Towns Review for Mac OS X

You are responsible for managing a small colony, trying to build a town above a dungeon filled with evil creatures. To do this, you assign tasks to your townsfolk (there’s no direct control over them here) and let them get on with it. This means getting them to chop trees, harvest plants, till fields and construct buildings. With these raw materials and buildings in place, you can then construct tools with which to build more advanced items, food, decorations and armaments. Each citizen can be outfitted with weapons and armour, and in fact doing so is essential to ensure they aren’t all wiped out by critters roaming around the map. Citizens can be converted into soldiers, at which point they’ll no longer do any work and instead stand around waiting to come to a citizen’s aid (you can also put them on patrol or have them “supervise” citizens’ work, in which case the citizens will become more productive but less happy). The happiness of your townsfolk is one of the most important things to manage. Having a happy town will cause new immigrants to join your town, thus making it bigger and able to produce more stuff.

You can also attract “heroes”, who cannot be influenced at all and will just hang about in your tavern and eat your food, but will occasionally go and scout out unexplored areas for you, attempting to kill any hostile creatures in the process (and gaining experience and levelling up). Levelled-up heroes gain extra abilities, so looking after them is essential for being able to dig into deeper dungeon levels. They’ll also help out with the periodic sieges, where a bunch of monsters will swarm your town.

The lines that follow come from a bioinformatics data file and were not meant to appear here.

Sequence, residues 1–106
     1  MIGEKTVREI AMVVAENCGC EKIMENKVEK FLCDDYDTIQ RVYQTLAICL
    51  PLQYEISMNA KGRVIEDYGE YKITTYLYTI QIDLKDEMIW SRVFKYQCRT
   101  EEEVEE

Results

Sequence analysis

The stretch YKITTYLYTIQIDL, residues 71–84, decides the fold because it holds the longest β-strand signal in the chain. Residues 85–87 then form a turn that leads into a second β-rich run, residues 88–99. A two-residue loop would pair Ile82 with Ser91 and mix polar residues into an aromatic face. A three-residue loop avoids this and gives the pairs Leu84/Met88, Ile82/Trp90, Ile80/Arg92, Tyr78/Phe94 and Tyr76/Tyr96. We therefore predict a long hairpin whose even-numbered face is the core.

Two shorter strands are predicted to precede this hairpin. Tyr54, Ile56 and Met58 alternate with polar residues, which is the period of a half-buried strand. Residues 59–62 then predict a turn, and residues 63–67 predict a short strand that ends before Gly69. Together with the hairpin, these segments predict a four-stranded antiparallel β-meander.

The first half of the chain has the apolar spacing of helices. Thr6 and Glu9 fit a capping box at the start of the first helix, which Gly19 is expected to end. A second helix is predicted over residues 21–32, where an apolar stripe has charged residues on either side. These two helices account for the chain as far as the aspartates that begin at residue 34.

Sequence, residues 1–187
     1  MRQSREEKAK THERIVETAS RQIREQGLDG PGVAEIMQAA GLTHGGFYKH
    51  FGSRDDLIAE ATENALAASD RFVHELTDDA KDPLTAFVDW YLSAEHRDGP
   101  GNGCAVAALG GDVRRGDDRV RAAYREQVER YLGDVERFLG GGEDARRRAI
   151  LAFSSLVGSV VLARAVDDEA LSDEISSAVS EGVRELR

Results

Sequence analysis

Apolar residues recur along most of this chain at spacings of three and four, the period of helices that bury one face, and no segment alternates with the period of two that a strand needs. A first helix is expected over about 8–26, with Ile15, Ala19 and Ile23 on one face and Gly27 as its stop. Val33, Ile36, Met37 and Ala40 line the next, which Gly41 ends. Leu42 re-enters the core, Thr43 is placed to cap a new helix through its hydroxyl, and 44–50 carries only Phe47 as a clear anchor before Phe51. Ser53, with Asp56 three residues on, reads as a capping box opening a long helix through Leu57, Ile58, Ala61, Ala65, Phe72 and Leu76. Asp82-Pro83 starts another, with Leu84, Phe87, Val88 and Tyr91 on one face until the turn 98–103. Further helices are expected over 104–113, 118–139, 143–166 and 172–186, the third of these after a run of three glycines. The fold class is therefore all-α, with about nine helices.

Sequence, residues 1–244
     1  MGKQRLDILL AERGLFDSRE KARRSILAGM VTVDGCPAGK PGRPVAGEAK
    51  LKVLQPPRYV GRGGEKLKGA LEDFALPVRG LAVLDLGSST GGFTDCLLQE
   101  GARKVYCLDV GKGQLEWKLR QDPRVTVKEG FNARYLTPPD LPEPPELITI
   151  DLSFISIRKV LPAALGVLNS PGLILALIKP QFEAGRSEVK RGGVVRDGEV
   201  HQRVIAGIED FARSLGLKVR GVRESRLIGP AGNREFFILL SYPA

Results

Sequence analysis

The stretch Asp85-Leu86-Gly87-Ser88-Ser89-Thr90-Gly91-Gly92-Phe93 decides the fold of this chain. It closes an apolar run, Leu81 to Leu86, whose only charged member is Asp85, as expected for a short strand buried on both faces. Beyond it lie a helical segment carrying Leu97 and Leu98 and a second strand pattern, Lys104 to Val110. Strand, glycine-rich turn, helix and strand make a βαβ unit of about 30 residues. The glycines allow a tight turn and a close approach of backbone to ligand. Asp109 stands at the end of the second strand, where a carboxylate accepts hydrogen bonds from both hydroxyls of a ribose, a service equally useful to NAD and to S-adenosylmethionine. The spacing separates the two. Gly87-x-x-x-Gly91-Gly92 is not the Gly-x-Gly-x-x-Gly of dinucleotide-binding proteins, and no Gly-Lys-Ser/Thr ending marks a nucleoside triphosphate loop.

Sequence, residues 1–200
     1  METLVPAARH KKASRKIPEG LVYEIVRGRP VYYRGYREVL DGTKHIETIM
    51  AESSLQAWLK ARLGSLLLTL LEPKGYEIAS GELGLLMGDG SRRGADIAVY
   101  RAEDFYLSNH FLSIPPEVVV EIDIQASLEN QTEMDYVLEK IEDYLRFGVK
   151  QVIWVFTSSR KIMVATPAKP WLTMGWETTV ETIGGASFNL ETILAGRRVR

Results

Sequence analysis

Though billed as a city-building and management game, I don’t think anyone would argue that Towns is an attempt to make Dwarf Fortress for the masses. I found I couldn’t stop playing. I wanted more, more, more. I wanted to dig to deeper depths of the dungeon, craft better items, attract more heroes. Building and decorating the actual town took a back seat to all of that. The art style is cheery, and although the animation and sound quality are about as basic as possible, they’ve succeeded for the most part in building an interface that’s easy to use, for the most part.

For the most part. There are some annoyances, but given the continued development of the game, I suspect many will get ironed out eventually. For starters, although it easy to find out that members of your town are unhappy, it’s never clear why they’re unhappy. It’s usually through having too much work to do (or not enough decorations in the town), but it would be helpful to see a detailed breakdown. On my latest playthrough, my entire town got wiped out at the beginning, save for two survivors, who were miserable for around 30 days of game time, meaning that no new immigrants would come to replenish the deceased until they cheered up (in the end, I just stopped all production until the happiness meters rose).

There are also some other irritations. Queuing a task, whether it’s building a wall, paving a road or placing an item, draws a blue square around the tile, which remains until the task is completed. You can cancel any of these later, but there’s nothing to tell you what the task is that is waiting to be performed. There’s also nothing to indicate why the task hasn’t been performed already. On a similar note, you can change the speed of the game, but the maximum (and default) speed often doesn’t feel fast enough. You can prioritise different kinds of tasks, but you can’t assign individuals to a specific role. And so on.